This time we weren’t disturbed either by traveling through time or a cheeky gargoyle demon. While “Hallelujah” was running, the kiss was gentle and careful, but then Gideon buried both hands in my hair and held me very close. It wasn’t a gentle kiss anymore, and my reaction surprised me. I suddenly felt very soft and lightweight, and my arms went around Gideon’s neck of their own accord. I had no idea how, but at some point in the next few minutes, still kissing without a break, we landed on the green sofa, and we went on kissing there until Gideon abruptly sat up and looked at his watch. “Like I said, it really is a shame I’m not allowed to kiss you anymore,” he remarked rather breathlessly. The pupils of his eyes looked huge, and his cheeks were definitely flushed. I wondered what I looked like myself. As I’d temporarily mutated into some kind of human blancmange, there was no way I could get out of my half-lying position. And I realized, with horror, that I had no idea how much time had passed since Bon Jovi stopped singing “Hallelujah.” Ten minutes? Half an hour? Anything was possible. Gideon looked at me, and I thought I saw something like bewilderment in his eyes. “We’d better collect our things,” he said at last. “And you need to do something about your hair—it looks as if some idiot has been digging both hands into it and dragging you down on a sofa. Whoever’s back there waiting for us will put two and two together—oh, my God, don’t look at me like that.” “Like what?” “As if you couldn’t move.” “But I can’t,” I said, perfectly seriously. “I’m a blancmange. You’ve turned me into blancmange.” A brief smile brightened Gideon’s face, and then he jumped up and began stowing my school things in my bag. “Come along, little blancmange. Stand up.
Kerstin Gier (Saphirblau (Edelstein-Trilogie, #2))
RAINBOW VOICES I ask people of the world and children of light to start reflecting the stories of their souls to vibrate wisdom around the earth. Pick up a paintbrush or microphone. Press the inks of your pens to paper or tap words onto your screens, and start sharing what you know and have learned with the masses. Turn your personal painting into a piece of the earth's puzzle so that our unified assemblage of thoughts, experiences and lessons reveal common truths that cannot be denied. Imagine the changes that could happen if everyone suddenly stopped acting like someone else, became true to themselves, and celebrated the beauty of their uniqueness. Only after people have willingly removed their masks and costumes, and have begun pouring light from their hearts to reveal their vulnerability, dreams and pains, will we be able to see that beneath the surface we are all the same. After all, how can the world collectively fight for truth, if soldiers in its army are void of truth? We must first all be true by putting truth in our words and actions. And to do so, everyone must learn to think and react with their conscience. Imagine what Truth could do to neutralize the clutches of evil once this black and white world suddenly became embraced by a strong rainbow of loud powerful voices. We could put color back into every home, every school, every industry, every nation, and every garden on earth where flowers have been crushed by corruption.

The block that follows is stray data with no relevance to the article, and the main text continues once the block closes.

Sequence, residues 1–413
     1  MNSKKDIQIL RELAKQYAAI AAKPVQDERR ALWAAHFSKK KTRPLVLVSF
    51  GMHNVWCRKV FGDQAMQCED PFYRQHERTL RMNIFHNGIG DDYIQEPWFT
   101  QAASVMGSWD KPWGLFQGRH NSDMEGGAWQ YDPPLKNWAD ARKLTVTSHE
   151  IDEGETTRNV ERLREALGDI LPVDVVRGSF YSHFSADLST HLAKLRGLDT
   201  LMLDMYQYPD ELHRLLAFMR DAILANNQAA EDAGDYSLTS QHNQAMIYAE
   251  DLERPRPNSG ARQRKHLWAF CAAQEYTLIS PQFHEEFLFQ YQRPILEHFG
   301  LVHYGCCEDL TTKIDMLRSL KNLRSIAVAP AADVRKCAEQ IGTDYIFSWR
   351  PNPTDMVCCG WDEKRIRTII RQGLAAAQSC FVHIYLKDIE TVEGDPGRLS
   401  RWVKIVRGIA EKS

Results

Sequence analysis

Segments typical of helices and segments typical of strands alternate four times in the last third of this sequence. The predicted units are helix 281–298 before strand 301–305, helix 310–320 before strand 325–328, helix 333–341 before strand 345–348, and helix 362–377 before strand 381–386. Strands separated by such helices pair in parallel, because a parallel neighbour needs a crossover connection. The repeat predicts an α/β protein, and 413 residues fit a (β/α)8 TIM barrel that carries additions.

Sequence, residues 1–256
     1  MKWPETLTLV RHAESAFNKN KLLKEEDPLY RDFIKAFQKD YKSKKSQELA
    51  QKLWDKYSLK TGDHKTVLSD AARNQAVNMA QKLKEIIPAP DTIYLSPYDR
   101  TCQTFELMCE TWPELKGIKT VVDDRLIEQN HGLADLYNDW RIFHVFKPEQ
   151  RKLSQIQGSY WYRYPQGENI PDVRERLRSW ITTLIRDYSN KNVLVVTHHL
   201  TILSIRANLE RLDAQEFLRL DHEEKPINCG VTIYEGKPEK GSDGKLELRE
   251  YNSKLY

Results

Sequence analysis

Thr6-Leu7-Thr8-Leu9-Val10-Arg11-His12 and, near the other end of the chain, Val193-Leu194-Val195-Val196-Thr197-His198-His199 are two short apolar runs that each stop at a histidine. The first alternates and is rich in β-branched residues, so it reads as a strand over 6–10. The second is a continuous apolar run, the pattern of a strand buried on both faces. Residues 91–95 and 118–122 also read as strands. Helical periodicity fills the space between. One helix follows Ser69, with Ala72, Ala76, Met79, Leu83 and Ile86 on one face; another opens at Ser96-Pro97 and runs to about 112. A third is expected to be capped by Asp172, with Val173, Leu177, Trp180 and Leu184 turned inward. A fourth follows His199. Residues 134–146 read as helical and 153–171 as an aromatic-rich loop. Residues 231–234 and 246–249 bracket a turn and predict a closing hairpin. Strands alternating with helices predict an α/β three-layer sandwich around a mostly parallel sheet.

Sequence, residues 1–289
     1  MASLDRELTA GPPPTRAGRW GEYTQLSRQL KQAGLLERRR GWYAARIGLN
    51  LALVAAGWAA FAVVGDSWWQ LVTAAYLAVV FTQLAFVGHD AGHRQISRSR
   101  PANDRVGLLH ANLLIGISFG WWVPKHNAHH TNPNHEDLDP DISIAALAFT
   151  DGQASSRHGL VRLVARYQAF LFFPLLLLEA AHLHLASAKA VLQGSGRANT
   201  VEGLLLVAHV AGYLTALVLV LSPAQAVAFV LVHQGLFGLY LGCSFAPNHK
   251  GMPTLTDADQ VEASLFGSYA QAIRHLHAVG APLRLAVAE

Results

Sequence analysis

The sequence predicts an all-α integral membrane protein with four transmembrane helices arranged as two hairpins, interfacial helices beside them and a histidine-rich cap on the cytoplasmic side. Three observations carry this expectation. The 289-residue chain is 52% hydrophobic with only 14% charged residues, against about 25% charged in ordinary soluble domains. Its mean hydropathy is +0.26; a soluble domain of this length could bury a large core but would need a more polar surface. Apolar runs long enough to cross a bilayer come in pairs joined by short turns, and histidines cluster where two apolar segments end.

Suzy Kassem (Rise Up and Salute the Sun: The Writings of Suzy Kassem)
In the age of Facebook and Instagram you can observe this myth-making process more clearly than ever before, because some of it has been outsourced from the mind to the computer. It is fascinating and terrifying to behold people who spend countless hours constructing and embellishing a perfect self online, becoming attached to their own creation, and mistaking it for the truth about themselves.20 That’s how a family holiday fraught with traffic jams, petty squabbles and tense silences becomes a collection of beautiful panoramas, perfect dinners and smiling faces; 99 per cent of what we experience never becomes part of the story of the self. It is particularly noteworthy that our fantasy self tends to be very visual, whereas our actual experiences are corporeal. In the fantasy, you observe a scene in your mind’s eye or on the computer screen. You see yourself standing on a tropical beach, the blue sea behind you, a big smile on your face, one hand holding a cocktail, the other arm around your lover’s waist. Paradise. What the picture does not show is the annoying fly that bites your leg, the cramped feeling in your stomach from eating that rotten fish soup, the tension in your jaw as you fake a big smile, and the ugly fight the happy couple had five minutes ago. If we could only feel what the people in the photos felt while taking them! Hence if you really want to understand yourself, you should not identify with your Facebook account or with the inner story of the self. Instead, you should observe the actual flow of body and mind. You will see thoughts, emotions and desires appear and disappear without much reason and without any command from you, just as different winds blow from this or that direction and mess up your hair. And just as you are not the winds, so also you are not the jumble of thoughts, emotions and desires you experience, and you are certainly not the sanitised story you tell about them with hindsight. You experience all of them, but you don’t control them, you don’t own them, and you are not them. People ask ‘Who am I?’ and expect to be told a story. The first thing you need to know about yourself, is that you are not a story.